This document is part of the JEWL library, copyright © John English 2000. The JEWL library is released for public use under the terms of the GNU General Public License, and may be freely copied, distributed, used and modified under the terms of that license. Suggestions, comments, bug reports and modifications should be reported to the author <firstname.lastname@example.org>.
The latest version of JEWL can be downloaded from the JEWL home site at http://www.it.bton.ac.uk/staff/je/jewl/download.htm.
JEWL (John English's Window Library) is a set of Ada packages aimed at novices which enables reasonably sophisticated GUI applications to be built with a minimum of effort. The rationale behind the development of this library is that beginners are often frustrated with the text-only interface that the standard Ada library provides and complain that they would prefer to learn Visual Basic or Java instead, largely because they can produce modern-looking programs with minimal effort.
The intention of JEWL is to provide a development kit for GUI-based programming in Ada which is sufficiently simple that it can be used from the "Hello world" stage onwards. For this reason the emphasis is on ease of use rather than completeness. Existing GUI packages are often bewildering to novices with the range of facilities they provide, and they achieve flexibility at the price of complexity. As a result, hand-coding a GUI can be extremely difficult. Languages like Visual Basic use a GUI builder to avoid the need for hand-coding, but the code that a GUI builder generates is often difficult to understand (and easy to avoid having to understand). For developing production code this is not an important issue, but in education it can cloud the student's understanding of what is really going on. It is also easy for students to get sidetracked into perfecting the appearance of the user interface at the expense of perfecting the desired functionality.
JEWL is relatively inflexible by comparison with systems intended for developing production code and only provides access to a limited subset range of the underlying facilities, but it is still sufficient for a wide range of novice programs. It is designed so that a program using a graphical interface can be developed by hand-coding, such that the resulting program structure will be similar to an equivalent program with a traditional text-based interface.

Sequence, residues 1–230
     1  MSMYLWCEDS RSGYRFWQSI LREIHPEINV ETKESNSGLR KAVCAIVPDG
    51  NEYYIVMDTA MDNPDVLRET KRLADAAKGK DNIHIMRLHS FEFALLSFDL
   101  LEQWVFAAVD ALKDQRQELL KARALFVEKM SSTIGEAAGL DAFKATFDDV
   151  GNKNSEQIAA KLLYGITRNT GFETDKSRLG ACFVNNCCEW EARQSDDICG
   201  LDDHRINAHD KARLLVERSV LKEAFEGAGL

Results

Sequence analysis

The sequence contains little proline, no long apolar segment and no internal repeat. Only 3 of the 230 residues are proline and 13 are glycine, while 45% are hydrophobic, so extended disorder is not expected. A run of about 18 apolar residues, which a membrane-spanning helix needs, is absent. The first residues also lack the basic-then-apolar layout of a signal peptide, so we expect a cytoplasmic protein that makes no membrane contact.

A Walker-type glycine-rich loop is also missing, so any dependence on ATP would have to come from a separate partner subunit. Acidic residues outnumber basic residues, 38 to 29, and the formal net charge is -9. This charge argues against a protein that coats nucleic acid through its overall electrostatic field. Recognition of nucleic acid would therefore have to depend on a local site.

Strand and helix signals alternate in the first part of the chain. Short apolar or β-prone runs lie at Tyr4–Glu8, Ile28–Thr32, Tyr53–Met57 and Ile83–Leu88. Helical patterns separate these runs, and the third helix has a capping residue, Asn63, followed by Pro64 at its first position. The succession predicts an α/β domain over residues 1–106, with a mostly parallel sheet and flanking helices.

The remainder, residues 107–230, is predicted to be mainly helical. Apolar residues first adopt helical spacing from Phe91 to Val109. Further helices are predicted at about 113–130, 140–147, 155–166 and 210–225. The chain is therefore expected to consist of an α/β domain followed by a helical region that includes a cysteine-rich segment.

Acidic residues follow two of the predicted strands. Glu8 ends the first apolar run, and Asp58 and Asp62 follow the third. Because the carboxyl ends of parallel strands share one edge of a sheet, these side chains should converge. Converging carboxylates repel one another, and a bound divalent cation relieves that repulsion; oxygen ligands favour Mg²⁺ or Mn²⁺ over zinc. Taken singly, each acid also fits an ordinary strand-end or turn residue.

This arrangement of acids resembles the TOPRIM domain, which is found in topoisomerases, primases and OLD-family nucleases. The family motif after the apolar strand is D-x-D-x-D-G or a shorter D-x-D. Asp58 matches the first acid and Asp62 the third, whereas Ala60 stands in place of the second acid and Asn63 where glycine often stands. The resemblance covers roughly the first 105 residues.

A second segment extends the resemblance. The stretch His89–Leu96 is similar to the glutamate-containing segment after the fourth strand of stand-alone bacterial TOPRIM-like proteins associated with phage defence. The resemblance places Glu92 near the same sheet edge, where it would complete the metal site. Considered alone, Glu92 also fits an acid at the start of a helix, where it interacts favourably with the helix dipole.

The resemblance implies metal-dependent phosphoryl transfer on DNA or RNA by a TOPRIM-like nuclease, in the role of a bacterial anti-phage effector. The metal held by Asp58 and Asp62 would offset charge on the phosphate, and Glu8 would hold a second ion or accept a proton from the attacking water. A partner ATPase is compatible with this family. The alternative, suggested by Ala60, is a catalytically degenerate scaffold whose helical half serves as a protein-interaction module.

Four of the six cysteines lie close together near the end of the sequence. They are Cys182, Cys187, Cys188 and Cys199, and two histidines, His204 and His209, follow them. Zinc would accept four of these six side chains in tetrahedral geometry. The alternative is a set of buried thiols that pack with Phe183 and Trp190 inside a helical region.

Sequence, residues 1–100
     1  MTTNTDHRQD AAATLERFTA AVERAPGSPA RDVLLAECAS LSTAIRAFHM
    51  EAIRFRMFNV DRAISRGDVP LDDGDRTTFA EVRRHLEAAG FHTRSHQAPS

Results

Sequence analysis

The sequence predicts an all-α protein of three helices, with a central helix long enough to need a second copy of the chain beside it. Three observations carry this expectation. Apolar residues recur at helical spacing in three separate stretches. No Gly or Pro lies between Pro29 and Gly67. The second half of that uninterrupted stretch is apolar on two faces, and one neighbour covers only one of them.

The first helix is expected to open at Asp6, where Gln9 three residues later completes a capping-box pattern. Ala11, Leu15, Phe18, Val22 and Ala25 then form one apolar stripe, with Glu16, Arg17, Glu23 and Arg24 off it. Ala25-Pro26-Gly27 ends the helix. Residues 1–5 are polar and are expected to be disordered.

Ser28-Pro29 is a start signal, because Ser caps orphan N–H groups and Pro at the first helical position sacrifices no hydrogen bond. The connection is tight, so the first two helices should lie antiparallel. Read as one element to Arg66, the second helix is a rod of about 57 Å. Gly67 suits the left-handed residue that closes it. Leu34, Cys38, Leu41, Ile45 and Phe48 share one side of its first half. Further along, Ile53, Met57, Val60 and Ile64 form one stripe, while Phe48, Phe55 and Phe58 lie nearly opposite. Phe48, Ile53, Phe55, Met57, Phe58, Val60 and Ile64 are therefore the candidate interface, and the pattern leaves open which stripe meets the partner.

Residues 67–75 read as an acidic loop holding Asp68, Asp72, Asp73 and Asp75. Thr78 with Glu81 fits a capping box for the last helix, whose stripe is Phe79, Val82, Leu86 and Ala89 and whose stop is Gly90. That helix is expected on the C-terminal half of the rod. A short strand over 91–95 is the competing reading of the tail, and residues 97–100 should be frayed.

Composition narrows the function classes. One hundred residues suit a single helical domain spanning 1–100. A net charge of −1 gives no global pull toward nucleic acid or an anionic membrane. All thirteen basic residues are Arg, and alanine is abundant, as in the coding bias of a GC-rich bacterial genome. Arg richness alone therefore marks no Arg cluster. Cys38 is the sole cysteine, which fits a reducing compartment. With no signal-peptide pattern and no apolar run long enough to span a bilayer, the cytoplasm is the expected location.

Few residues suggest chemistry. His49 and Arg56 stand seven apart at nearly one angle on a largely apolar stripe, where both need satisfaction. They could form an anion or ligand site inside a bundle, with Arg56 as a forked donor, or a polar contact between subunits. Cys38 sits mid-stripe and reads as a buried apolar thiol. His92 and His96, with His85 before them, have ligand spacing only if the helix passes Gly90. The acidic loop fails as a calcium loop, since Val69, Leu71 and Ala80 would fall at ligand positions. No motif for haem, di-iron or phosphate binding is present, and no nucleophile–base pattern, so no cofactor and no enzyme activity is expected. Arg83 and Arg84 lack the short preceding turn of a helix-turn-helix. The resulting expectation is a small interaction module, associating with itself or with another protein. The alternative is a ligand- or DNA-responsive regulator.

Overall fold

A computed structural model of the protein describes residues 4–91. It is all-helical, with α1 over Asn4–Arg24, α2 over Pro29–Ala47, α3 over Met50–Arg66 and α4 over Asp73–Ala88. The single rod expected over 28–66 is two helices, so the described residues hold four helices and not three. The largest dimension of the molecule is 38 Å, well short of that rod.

There are three primary packages included in JEWL:
JEWL.IO can be used as a more-or-less direct replacement for Ada.Text_IO (although not all the facilities of Ada.Text_IO are supported, and there are some extra features in JEWL.IO), whereas JEWL.Windows is a generic package which is instantiated using a discrete type listing the various commands that GUI controls will be required to generate. JEWL.Simple_Windows is a predefined instantiation of JEWL.Windows which generates values of type Character for the command codes. A program based around JEWL.Windows or JEWL.Simple_Windows will typically use a simple event loop to get the next command from the user interface and respond to it, but the intention is to make programs appear sychronous and procedural rather than event-driven. In particular it would be an easy matter to replace a JEWL GUI user interface with a text-based menu-driven interface, which is not usually the case.
JEWL.IO uses GUI dialogs for input which are built using the facilities of JEWL.Simple_Windows. JEWL.IO, JEWL.Windows and JEWL.Simple_Windows can all be used together in a single program if required.
Documentation for the JEWL packages:
These documents are linked to the following HTML versions of the package specifications:
I hope that you find this library useful, and I welcome any comments or suggestions you might have to help improve it.
John English, January 2001